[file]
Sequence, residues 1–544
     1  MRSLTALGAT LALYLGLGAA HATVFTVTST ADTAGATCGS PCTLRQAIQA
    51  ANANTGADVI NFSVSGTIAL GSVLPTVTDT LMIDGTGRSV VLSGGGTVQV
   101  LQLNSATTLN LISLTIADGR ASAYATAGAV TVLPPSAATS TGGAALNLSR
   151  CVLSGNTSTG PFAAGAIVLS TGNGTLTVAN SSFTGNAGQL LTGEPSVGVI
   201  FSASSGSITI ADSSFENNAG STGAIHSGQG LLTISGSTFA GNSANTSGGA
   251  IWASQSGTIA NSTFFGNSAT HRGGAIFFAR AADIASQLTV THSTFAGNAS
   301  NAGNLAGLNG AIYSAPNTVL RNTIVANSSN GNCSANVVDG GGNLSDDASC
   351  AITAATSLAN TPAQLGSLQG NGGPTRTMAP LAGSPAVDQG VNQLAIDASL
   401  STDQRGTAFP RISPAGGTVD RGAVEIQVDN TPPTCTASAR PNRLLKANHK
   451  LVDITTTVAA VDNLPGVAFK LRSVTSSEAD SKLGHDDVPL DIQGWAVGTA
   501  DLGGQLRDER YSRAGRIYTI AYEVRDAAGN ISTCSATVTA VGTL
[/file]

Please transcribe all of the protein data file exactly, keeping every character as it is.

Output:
Sequence, residues 1–544
     1  MRSLTALGAT LALYLGLGAA HATVFTVTST ADTAGATCGS PCTLRQAIQA
    51  ANANTGADVI NFSVSGTIAL GSVLPTVTDT LMIDGTGRSV VLSGGGTVQV
   101  LQLNSATTLN LISLTIADGR ASAYATAGAV TVLPPSAATS TGGAALNLSR
   151  CVLSGNTSTG PFAAGAIVLS TGNGTLTVAN SSFTGNAGQL LTGEPSVGVI
   201  FSASSGSITI ADSSFENNAG STGAIHSGQG LLTISGSTFA GNSANTSGGA
   251  IWASQSGTIA NSTFFGNSAT HRGGAIFFAR AADIASQLTV THSTFAGNAS
   301  NAGNLAGLNG AIYSAPNTVL RNTIVANSSN GNCSANVVDG GGNLSDDASC
   351  AITAATSLAN TPAQLGSLQG NGGPTRTMAP LAGSPAVDQG VNQLAIDASL
   401  STDQRGTAFP RISPAGGTVD RGAVEIQVDN TPPTCTASAR PNRLLKANHK
   451  LVDITTTVAA VDNLPGVAFK LRSVTSSEAD SKLGHDDVPL DIQGWAVGTA
   501  DLGGQLRDER YSRAGRIYTI AYEVRDAAGN ISTCSATVTA VGTL